The study shows that the warmer conditions are particularly favourable for Noctiluca scintillans, a parasite type of algae which is replacing a group of algae called diatoms. Diatoms, which were previously the dominant organism, are an important source of food for fish.
Noctiluca scintillans, also called ‘sea sparkle’ because it emits light at night, is growing explosively in patches called blooms in the north Arabian Sea. The blooms this summer have been so big they can be seen from space.
The blooms reduce the amount of oxygen in the water, which can kill fish. A 2017 study on the Sea of Oman found a significant correlation between algae blooms and fish dying due to the decline in oxygen.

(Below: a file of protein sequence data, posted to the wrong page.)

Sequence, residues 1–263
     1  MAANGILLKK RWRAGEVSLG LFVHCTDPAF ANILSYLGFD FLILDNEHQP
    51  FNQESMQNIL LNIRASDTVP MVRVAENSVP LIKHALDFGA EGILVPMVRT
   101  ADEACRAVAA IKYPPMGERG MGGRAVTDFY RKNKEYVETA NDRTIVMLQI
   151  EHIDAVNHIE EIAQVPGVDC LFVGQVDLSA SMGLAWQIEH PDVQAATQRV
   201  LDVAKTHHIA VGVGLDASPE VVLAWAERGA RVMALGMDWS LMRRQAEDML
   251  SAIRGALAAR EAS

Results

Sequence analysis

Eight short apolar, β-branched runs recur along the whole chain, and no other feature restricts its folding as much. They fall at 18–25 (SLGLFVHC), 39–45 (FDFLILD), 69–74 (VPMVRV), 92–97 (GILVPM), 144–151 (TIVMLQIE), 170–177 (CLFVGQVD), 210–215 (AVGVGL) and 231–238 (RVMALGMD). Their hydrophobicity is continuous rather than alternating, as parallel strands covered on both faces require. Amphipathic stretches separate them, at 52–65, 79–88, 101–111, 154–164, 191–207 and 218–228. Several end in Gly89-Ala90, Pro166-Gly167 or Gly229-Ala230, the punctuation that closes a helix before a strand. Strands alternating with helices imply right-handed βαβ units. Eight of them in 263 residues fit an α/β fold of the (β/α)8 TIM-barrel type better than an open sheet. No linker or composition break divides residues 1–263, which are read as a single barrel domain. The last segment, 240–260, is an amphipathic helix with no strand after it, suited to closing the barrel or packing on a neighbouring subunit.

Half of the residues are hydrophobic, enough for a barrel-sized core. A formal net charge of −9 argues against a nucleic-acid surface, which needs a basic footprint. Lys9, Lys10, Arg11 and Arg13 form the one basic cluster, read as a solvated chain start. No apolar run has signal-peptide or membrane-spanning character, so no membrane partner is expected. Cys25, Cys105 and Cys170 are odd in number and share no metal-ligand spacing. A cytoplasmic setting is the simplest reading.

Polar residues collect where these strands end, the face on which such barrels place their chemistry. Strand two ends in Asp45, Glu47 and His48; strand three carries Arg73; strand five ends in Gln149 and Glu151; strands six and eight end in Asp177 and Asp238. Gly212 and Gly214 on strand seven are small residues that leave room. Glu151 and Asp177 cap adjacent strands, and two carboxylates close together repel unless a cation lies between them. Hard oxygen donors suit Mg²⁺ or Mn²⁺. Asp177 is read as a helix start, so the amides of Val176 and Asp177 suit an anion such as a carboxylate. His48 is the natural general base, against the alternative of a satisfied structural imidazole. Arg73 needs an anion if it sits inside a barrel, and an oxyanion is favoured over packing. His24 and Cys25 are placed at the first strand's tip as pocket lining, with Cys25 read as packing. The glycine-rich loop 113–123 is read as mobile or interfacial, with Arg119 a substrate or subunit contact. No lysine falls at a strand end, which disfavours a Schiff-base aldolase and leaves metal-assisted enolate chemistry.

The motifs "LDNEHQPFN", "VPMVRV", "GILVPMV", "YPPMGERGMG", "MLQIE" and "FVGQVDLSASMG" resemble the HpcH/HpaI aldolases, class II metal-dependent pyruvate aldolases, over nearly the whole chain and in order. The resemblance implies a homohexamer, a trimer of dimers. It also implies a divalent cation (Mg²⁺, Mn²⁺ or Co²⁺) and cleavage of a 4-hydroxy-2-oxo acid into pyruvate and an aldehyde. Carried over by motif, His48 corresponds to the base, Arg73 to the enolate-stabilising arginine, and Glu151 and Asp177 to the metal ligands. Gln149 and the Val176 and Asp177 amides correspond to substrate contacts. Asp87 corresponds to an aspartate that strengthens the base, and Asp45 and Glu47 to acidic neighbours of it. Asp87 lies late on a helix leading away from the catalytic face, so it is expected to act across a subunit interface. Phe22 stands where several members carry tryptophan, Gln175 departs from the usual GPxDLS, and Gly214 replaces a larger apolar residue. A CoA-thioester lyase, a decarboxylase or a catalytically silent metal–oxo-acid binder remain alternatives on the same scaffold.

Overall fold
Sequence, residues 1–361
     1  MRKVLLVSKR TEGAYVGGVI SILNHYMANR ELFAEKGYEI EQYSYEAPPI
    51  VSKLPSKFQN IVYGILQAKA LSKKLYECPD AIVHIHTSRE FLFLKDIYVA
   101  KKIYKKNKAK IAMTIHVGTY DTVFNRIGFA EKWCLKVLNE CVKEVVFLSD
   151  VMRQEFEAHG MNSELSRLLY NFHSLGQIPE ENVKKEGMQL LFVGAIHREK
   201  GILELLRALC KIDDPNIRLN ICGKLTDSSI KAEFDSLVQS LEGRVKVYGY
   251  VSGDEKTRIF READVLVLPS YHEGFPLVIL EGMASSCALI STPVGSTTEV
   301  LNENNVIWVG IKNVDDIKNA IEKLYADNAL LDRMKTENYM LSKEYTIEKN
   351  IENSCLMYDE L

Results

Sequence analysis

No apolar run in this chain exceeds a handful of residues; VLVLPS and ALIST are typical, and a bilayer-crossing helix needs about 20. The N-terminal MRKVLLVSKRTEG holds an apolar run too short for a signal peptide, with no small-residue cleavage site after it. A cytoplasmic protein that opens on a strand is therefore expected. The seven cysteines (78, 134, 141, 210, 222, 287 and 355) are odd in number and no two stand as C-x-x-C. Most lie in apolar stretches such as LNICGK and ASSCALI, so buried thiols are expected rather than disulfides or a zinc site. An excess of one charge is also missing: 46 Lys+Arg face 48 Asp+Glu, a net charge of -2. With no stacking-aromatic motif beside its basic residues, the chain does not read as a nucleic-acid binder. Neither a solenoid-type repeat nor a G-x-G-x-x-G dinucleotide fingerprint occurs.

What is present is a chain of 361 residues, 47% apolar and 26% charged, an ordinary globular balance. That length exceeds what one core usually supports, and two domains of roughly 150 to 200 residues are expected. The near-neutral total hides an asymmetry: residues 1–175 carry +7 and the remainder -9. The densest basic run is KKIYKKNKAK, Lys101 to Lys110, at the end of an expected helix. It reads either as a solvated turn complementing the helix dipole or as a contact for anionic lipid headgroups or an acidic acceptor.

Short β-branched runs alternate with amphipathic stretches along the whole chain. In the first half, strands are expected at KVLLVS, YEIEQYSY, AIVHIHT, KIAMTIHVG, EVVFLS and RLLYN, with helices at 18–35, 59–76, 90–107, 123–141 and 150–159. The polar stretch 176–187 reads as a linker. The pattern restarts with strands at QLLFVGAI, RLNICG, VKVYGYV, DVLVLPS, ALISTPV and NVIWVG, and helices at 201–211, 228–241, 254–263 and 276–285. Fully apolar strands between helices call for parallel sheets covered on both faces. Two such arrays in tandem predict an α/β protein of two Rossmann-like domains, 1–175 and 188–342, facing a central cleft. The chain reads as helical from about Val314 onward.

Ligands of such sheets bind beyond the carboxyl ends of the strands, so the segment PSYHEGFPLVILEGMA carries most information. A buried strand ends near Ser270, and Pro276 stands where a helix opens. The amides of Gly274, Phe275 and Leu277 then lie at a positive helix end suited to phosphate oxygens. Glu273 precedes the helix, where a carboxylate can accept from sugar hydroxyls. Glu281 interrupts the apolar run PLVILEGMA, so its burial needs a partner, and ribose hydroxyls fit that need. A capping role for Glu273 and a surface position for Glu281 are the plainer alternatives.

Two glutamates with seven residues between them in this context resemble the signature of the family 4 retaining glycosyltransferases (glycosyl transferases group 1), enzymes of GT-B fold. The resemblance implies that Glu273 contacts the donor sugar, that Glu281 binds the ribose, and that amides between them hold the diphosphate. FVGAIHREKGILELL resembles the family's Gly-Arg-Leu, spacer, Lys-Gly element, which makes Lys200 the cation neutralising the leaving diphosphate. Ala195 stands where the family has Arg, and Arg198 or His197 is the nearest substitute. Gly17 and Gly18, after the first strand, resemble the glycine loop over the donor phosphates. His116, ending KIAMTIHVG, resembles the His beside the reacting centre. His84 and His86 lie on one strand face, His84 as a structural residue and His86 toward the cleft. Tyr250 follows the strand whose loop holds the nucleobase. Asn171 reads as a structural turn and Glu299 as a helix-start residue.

Their expansion in the seas represents a “significant and growing threat” for regional fisheries and coastal populations dependent on the Arabian Sea for food, the scientists say.
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Roxy Mathew Koll, a scientist at the Indian Institute of Tropical Meteorology in Pune, studies microscopic marine organisms in the Indian Ocean and his work was cited in the study. He said that the research is broadly similar to his team’s findings, which also points to a significant change in marine phytoplankton in the Indian Ocean.
But, Koll said, the two sets of similar findings were for different seasons. “Our study showed that the rapid warming in the Arabian Sea is reducing the phytoplankton concentrations during summer,” he said.
The new study says that the changes over Eurasia are affecting the winter conditions in the north Arabian Sea, increasing the concentration of phytoplankton that causes harmful algal blooms, said Koll.